Activists, corporate relocation specialists and lawmakers are scrambling to comment on Hegar’s proposal that companies no longer report key data about their progress toward meeting the terms of their property tax abatement agreements.
Interfaith groups that fought the corporate giveaway that hurts Texas children demanded Hegar roll back his plan on Wednesday.
“What is the benefit of less accountability and less transparency?” San Antonio state Senator José Menéndez asked at a Texas Industrial Areas Foundation press conference. “The taxpayer should know how their money is going to be used and what they are getting in exchange.”
[Photo Credit: Mark Mulligan, San Antonio Express News]
Texas Comptroller Proposes Covering Up Corporate Welfare Program, The Houston Chronicle [pdf]
Network of Texas IAF Organizations, along with Public Officials, Hold Press Conference to Call on Comptroller Hegar to Abandon Attempt to Gut Chapter 313 Transparency and Accountability, Texas IAF, Texas IAF
Taylor: The Chapter 313 Monster — the Mother of All Corporate Welfare — Revives?, San Antonio Express News [pdf]
In collaboration the Harris County Pubic Health Department and leaders from St. Leo the Great and Our Lady of Grace Catholic Churches, TMO brought over 790 vaccines to overlooked neighborhoods in unincorporated and low-income areas of Harris County.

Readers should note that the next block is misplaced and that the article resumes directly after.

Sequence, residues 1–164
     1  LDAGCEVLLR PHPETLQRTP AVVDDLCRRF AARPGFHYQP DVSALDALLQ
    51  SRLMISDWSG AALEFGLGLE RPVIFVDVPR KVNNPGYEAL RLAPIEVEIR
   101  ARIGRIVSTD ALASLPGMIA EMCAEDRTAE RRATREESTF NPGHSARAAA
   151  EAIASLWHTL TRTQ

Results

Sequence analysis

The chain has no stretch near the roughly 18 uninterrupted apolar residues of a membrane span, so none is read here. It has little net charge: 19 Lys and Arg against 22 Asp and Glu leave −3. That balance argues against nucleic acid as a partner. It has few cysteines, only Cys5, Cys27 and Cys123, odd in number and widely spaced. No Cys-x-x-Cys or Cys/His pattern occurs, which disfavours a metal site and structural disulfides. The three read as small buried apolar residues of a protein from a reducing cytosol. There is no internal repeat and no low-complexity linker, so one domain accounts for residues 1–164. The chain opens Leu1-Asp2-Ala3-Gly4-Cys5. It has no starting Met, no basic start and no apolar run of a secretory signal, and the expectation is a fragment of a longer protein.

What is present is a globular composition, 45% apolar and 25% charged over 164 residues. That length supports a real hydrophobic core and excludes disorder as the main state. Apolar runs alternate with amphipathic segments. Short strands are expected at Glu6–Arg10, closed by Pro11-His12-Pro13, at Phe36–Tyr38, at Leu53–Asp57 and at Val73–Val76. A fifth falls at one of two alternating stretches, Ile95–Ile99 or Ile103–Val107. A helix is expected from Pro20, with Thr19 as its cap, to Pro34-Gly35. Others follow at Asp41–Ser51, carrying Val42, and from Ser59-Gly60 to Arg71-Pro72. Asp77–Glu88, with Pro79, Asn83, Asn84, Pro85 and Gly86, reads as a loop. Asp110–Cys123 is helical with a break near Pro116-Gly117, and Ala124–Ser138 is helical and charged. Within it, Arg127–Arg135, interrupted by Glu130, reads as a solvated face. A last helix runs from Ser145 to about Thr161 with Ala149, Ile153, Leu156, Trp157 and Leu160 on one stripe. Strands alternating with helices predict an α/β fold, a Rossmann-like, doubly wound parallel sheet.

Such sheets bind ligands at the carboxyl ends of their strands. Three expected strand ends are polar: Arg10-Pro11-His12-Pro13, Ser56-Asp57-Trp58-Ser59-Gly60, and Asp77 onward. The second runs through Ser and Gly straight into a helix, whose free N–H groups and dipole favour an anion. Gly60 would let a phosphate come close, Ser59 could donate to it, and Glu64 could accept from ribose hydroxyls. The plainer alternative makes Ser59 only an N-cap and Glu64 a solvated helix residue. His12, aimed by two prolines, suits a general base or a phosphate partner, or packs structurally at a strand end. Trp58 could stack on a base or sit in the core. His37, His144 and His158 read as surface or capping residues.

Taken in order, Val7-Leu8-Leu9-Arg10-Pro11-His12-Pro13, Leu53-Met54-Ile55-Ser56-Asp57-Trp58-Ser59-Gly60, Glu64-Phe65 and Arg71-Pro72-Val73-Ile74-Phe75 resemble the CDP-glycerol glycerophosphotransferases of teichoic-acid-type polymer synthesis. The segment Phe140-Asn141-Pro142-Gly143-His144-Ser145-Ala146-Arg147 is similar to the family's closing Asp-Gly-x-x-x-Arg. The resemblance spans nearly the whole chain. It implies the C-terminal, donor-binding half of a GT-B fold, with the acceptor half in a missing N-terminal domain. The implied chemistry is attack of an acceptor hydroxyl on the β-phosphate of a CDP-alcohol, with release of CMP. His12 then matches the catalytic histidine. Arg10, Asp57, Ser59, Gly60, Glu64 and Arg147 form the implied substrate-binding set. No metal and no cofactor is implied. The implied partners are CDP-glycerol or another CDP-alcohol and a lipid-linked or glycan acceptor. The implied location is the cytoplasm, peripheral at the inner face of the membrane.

In Aldine, within the county borders, this collaboration was particularly important for parishioners and neighbors of St. Leo the Great Catholic parish, where over 690 people received their first vaccine dose over two events in August.
In South Houston, leaders from Our Lady of Grace Catholic Church encouraged parishioners to get vaccinated through a combination of pulpit announcements, flyers and after-mass signups.
Said Sylvia Soria, the church secretary of Our Lady of Grace:
“Our parish membership is 99% Latino. Many of our families are working families that can not take time off during the week to get the vaccine across the other side of town. We’re glad to work with TMO, GCLC, and Harris County Health Department to bring the COVID-19 vaccine on a Saturday to our community.”
Jornada de Vacunación en Ciudad con Gran Población Hispana, Telemundo [en español]
The one-on-one approach to persuasion isn’t necessarily the most efficient, but it may be the most effective for the vaccine holdouts who have resisted every other large-scale push....
We know it can work because it already has.